France Project Reliable Sources

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This page provides a list of sources recommended by the France Project for work on Pre-1700 profiles.


Work in progress

If your favourite source for French pre-1700 profiles is not listed below, please ask a question about it, either in the France Google Group or in G2G with the tag FRANCE - so that the source can be evaluated and added to this page.

Reliable Sources

  • Parish records: baptisms, marriages, burials, and other acts such as confirmations, recantations... These are available through the Departmental Archives (Archives Départementales) according to the department where the place of the event currently belongs. They can be consulted in person at the Archives or, in most cases, online through the different Archives website. List of Departmental Archives websites and how to use them.
  • Notarial archives: marriage contracts, wills, etc. These will also be available through the Departmental Archives, though usually not online. Some Parisian archives can be accessed through Geneanet, but most are post-1700.
  • Anselme de Sainte-Marie (augustin ; 1625-1694), Histoire généalogique et chronologique de la maison royale de France, des pairs, grands officiers de la Couronne, de la Maison du Roy et des anciens barons du royaume, Paris (1726-1733), 9 volumes available at Gallica: While there are issues with some of the pre-1300 genealogies, this work is reliable after 1500.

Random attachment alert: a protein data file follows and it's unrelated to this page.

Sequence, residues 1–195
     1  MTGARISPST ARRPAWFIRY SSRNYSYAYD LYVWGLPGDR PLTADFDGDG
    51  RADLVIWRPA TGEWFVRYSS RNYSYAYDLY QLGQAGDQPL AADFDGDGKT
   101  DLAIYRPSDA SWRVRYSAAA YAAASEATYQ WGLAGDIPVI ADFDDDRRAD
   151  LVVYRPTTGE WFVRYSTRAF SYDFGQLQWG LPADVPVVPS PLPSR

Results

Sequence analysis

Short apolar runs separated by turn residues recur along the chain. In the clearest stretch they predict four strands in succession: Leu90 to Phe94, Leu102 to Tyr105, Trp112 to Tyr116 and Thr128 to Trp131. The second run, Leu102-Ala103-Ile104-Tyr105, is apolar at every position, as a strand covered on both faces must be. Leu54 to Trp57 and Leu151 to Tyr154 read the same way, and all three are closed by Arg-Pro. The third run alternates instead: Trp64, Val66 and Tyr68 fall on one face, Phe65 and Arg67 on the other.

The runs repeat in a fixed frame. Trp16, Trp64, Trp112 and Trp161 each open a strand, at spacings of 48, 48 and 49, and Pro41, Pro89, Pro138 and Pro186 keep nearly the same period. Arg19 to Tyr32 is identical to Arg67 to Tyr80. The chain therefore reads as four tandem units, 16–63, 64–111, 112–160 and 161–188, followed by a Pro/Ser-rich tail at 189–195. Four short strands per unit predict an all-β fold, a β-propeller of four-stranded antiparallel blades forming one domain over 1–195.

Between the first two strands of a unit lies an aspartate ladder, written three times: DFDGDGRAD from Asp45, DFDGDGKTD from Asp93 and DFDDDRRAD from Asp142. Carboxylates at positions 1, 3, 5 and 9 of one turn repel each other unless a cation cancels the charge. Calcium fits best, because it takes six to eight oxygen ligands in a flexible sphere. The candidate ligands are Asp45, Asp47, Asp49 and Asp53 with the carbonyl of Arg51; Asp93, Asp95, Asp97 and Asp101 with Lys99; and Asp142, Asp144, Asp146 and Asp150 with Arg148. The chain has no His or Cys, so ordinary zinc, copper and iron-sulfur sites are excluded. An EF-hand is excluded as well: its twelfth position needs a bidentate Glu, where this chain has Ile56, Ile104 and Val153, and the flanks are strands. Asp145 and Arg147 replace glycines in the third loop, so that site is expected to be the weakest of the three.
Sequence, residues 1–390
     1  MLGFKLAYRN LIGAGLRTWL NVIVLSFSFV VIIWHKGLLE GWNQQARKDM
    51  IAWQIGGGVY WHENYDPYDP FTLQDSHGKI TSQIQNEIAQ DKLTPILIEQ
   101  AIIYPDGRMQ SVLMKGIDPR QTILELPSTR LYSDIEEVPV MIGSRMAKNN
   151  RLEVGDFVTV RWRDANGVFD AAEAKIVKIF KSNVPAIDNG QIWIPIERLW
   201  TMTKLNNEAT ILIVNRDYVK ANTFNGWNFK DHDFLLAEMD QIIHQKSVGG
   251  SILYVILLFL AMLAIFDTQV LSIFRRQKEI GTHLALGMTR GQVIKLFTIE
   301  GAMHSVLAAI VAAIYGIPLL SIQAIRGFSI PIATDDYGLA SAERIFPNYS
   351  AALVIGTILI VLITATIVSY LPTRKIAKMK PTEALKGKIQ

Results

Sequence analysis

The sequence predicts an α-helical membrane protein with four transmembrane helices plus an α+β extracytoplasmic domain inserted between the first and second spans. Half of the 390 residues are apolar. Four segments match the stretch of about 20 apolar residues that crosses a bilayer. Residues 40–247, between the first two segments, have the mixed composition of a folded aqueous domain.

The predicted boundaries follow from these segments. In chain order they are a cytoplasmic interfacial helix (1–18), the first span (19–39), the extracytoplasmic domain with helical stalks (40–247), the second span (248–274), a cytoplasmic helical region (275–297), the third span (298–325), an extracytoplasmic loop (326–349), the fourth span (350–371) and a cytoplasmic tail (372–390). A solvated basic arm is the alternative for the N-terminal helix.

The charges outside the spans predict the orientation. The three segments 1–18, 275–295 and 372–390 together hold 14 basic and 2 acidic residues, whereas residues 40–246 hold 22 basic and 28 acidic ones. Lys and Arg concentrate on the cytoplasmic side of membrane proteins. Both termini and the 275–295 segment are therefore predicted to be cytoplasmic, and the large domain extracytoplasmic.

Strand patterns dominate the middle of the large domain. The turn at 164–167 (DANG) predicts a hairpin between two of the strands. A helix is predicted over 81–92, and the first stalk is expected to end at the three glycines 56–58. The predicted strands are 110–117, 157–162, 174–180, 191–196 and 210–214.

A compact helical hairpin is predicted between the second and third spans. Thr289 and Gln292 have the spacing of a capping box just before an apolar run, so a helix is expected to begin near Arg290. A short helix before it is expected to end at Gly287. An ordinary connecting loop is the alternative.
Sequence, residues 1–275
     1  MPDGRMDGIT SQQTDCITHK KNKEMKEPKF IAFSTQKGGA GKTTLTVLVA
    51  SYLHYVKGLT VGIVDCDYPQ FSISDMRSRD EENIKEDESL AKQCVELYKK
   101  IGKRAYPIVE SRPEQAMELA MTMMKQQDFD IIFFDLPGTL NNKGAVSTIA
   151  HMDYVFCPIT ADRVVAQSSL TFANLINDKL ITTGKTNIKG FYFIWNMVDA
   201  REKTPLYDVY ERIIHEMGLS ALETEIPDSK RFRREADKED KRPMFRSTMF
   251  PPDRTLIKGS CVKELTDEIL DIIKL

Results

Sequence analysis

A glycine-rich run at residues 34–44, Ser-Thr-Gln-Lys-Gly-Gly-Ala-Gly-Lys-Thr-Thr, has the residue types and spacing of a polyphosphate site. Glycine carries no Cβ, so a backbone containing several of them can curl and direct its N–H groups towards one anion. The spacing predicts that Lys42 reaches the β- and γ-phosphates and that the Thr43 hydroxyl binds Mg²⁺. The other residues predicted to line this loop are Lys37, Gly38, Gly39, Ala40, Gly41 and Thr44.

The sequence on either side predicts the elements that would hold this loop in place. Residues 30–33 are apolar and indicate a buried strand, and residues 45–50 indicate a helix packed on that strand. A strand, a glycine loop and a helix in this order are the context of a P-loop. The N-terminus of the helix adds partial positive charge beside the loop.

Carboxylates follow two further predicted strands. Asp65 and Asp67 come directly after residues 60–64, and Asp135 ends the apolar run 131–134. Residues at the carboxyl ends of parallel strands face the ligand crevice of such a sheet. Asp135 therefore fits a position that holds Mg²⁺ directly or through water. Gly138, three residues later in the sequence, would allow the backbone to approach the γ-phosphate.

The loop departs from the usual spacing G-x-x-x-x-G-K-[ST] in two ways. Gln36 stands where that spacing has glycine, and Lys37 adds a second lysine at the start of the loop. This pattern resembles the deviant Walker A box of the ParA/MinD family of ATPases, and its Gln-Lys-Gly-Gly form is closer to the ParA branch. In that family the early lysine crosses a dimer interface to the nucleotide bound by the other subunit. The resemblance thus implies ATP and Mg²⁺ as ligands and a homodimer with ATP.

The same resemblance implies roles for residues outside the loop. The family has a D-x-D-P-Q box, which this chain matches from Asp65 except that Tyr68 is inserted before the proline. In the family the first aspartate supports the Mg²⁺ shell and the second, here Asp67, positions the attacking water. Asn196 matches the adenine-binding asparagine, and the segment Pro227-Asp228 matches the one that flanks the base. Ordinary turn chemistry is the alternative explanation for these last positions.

• Detlev Schwennicke (ed.), Europäische Stammtafeln: Stammtafeln zur geschichte der Europäischen Staaten, Neue Folge Band X : Pairs de France und ihre Familien, Marburg: J.A. Stargardt, 1986: reliable post-1500; there may be reservations regarding the earlier tables.
  • ...

Unreliable Sources

  • A tree without sources is insufficient as a source for WikiTree profiles.
  • Geneanet trees: Geneanet trees are user-contributed trees, many of them unsourced.
    • A tree with precise dates and places will usually be a good guide of where to look for primary records. Please take the time to look for the source and check it for yourself. Do not cite the Geneanet tree as your only source: it is courteous to give credit (under See also); however when the tree exists in multiple copies on the net you may not be crediting the original builder.
    • When a tree does present sources, please take the time to look up the original sources. Give credit.
  • Other user-contributed trees: FamilySearch, Ancestry, Geni, MyHeritage, Rootsweb, WikiTree, the Peerage, family association websites, etc. See Geneanet trees.
  • Published databases containing information of uncertain origin: There are a number of "records" collections available on websites such as Ancestry and MyHeritage (and in some instance formerly distributed on CD-ROM) that do not identify their information sources and in fact are built in whole or in part from doubtful publications and user-contributed content. These include the "Family Data Collection" and similar sources associated with Edmund West, the "Ancestral File," the "Millennium File," the "Pedigree Resource File," and "U.S. and International Marriage Records, 1560-1900."
  • Third party indexes: Indexes created outside of the Archives are not considered reliable. They are a good tool to use in order to find an actual record, but are not a reliable source on their own. This includes FamilySearch's International Genealogical Index (IGI).
  • Find A Grave memorials: Most pre-1700 memorials come without an actual burial place and burial details, and are in fact reconstructed from trees. These cannot be used as sources. Some memorials, for instance those for royals interred at Saint-Denis, are reliable, but there are usually other good sources available for these people.
  • Capedia: The profiles on Capedia have no direct sources and many are user-contributed. Capedia can be used to find quickly how people may be descended from a royal line (this can provide useful leads for connectors), but should not be used as a source.